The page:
Sunday, August 30

Henry Ernest Dudeney

Henry Ernest Dudeney (1857 - 1930) was born in the village of Mayfield, East Sussex, England. He was England's greatest composer of math and logic puzzles. Dudeney is best known for his publications of mathematical problems and pasttimes, some of which provoked serious mathematical research.

He came from a family which had a mathematical tradition and also a tradition of school teaching.

Henry learnt to play chess at a young age and soon became interested in chess problems. From the age of nine he was composing problems and puzzles which he published in a local paper. Although he only had a basic education, never attending college, he had a particular interest in mathematics and studied mathematics and its history in his spare time.

One of the most famous of his geometrical puzzles is the "Haberdasher's problem" (Cut an equilateral triangle into four pieces that can be arranged to make a square)

He was a near - contemporary of Sam Loyd, America's greatest puzzle expert and the two men frequently exchanged puzzles and ideas. Many of Loyd's and Dudeney's published puzzles show strong similarities, demonstrating how close their collaboration sometimes was.

One of his publications was "Amusements in Mathematics", you have here an example of one of his puzzles.

"The Ruby Brooch"

The annals of Scotland Yard contain some remarkable cases of jewel robberies, but one of the most perplexing was the theft of lady Littlewood's rubies. There have, of course, been many greater robberies in point of value, but few so artfully conceived. Lady Littlewood, of Rowley Manor, had a beautiful but rather eccentric heirloom in the form of a ruby brooch.
While staying at her town house early in the eighties she took the jewel to a shop in Brompton for some slight repairs.
"A fine collection of rubies madam" said the shopkeeper, whom her ladyship was a stranger.
"Yes", she replied; "but curiously enough I have never actually counted them. My mother once pointed out to me that if you start from the centre and count up one line, along the outside and down the next line, there are always eight rubies. So I should always know if a stone were missing".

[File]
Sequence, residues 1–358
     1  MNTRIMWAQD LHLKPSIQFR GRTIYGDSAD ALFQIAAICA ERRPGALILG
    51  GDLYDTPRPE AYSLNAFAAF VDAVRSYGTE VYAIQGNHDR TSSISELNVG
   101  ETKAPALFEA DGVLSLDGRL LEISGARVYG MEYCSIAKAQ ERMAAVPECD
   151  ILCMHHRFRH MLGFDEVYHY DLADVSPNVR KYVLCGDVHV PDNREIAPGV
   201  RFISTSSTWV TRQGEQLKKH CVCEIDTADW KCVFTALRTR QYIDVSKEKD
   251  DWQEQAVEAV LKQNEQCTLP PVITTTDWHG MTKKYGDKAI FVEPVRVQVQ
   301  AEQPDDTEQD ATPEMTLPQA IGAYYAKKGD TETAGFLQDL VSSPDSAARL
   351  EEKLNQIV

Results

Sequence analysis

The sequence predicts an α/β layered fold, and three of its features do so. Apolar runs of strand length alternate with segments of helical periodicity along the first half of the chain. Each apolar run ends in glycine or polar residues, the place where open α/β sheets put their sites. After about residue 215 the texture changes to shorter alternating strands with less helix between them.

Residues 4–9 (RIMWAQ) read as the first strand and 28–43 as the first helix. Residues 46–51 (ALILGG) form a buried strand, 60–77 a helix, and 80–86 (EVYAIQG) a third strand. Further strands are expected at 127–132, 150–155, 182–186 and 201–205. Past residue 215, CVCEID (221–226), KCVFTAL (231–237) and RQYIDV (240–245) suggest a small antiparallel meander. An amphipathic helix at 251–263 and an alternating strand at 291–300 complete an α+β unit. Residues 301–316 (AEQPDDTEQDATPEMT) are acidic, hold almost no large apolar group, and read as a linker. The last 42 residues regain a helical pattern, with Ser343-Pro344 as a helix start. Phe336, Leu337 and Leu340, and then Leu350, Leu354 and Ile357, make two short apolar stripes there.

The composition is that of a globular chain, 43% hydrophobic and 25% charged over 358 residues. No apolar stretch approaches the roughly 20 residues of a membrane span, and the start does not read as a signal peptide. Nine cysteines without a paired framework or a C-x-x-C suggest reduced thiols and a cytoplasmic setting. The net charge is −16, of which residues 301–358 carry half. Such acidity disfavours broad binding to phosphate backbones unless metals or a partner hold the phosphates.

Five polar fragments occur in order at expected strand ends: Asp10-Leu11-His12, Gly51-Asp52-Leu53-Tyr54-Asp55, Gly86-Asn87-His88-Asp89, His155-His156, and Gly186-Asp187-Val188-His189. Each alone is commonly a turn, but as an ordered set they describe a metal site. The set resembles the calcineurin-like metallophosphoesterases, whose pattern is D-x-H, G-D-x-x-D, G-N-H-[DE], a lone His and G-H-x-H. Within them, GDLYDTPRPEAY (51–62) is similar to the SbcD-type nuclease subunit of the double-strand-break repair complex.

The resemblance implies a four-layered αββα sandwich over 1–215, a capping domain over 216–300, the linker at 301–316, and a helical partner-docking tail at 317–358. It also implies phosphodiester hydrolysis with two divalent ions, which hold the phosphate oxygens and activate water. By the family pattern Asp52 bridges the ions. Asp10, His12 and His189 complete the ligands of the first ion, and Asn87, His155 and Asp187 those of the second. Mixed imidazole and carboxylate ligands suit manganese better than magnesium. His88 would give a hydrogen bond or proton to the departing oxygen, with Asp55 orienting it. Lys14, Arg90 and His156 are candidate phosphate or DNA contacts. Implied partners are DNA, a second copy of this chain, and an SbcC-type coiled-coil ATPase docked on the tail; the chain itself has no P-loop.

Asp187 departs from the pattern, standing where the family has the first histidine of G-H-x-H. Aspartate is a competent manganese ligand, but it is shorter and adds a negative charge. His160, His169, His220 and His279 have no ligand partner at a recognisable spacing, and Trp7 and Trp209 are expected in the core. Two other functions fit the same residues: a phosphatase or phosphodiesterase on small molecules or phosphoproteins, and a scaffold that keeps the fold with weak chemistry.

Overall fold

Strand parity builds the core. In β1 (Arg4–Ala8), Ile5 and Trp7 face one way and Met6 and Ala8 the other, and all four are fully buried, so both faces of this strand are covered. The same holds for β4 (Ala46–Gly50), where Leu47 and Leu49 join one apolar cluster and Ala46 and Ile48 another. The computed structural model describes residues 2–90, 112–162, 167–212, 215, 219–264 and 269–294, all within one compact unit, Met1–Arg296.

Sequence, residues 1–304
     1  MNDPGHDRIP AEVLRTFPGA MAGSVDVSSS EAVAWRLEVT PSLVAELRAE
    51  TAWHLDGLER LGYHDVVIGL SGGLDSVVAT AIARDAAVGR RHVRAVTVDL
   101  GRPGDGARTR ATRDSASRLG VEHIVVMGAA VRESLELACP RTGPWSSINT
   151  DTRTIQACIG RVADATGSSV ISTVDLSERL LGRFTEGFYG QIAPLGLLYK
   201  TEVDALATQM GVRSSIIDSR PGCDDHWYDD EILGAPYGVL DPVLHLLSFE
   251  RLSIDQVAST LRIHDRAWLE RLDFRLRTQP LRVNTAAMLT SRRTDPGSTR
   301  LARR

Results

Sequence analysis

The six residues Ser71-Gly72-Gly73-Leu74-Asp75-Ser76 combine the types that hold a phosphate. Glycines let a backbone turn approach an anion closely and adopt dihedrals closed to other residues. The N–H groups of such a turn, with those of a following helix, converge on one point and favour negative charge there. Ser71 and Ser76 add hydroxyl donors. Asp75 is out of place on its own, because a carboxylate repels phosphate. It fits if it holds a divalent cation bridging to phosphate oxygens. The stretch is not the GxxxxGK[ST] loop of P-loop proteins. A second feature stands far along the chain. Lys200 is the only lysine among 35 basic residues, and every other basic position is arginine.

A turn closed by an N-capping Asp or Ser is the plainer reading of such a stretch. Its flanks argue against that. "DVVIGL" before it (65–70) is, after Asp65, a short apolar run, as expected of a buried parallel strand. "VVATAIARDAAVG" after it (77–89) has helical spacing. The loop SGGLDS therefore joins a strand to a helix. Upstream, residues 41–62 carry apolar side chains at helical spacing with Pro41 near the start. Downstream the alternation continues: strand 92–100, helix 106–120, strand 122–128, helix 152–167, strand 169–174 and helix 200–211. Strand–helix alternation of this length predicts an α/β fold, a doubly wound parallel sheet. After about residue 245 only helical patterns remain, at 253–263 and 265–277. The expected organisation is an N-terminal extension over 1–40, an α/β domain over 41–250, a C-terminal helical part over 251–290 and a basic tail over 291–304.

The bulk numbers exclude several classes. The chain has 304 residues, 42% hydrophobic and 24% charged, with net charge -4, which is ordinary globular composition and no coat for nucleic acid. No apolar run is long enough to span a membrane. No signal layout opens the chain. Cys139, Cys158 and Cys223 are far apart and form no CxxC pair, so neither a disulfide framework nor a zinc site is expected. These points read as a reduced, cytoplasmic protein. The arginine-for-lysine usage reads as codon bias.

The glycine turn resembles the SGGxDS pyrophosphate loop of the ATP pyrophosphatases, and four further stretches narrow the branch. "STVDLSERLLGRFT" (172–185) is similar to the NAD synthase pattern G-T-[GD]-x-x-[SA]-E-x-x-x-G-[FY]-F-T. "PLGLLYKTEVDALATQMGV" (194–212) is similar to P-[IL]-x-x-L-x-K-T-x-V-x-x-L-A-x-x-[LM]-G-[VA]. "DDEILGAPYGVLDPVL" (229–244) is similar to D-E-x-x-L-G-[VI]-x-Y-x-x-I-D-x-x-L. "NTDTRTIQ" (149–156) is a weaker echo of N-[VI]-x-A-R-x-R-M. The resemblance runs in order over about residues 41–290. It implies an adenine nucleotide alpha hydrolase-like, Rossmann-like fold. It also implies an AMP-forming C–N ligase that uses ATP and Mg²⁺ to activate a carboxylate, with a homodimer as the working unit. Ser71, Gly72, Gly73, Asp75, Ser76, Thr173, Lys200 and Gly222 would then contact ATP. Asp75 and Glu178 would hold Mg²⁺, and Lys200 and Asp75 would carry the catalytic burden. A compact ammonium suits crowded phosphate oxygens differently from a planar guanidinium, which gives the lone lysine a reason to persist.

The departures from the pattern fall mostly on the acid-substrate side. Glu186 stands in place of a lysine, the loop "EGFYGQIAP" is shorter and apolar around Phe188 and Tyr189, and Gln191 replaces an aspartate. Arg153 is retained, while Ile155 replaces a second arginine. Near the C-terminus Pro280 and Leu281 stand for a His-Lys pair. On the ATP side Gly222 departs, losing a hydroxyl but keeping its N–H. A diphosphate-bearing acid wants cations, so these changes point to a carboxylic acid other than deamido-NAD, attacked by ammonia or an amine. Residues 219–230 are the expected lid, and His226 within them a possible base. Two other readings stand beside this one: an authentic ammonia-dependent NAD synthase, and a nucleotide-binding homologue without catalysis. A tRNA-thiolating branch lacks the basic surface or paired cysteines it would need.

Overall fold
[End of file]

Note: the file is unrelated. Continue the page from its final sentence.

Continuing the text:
Six months later a brother of Lady Littlewood's, who had returned from his regiment in India, noticed that his sister was wearing the ruby brooch one night at a county ball, and on their return home asked to look at it more closely. He immediately detected the fact that four of the stones were gone.
"How can that possibly be?" said Lady Littlewood. "If you count up one line from the centre, along the ede, and down the next line, in any direction, there are always eight stones. This was always so and is so now. How, therefore, would it be possible to remove a stone without my detecting it?"
"Nothing could be simpler", replied the brother. "I know the brooch well. It originally contained forty-five stones, and there are now only forty-one. Somebody has stolen four rubies, and then reset as small a number of the others as possible in such a way that there shall always be eight in any of the directions you have mentioned."
There wasn't the slightest doubt that the Brompton jeweller was the thief, and the matter was placed in the hands of the police. But the man was wanted for other robberies, and had left the neighbourhood some time before. To this day he has never been found.
The interesting little point that at first baffled the police, and which forms the subject of our puzzle, is this: How were the forty-five rubies originally arranged on the brooch? The illustation shows exactly how the forty-one were arranged after it came back from the jeweller; but although they count eight correctly in any of the directions mentioned, there are four stones missing.

Prove how clever you are and try to solve it.
I'd like to have comments with the solution. In any case, I´ll give you the solution in a next post in a few days. And if some of you are interested in these puzzles I´ll publish some more in the future.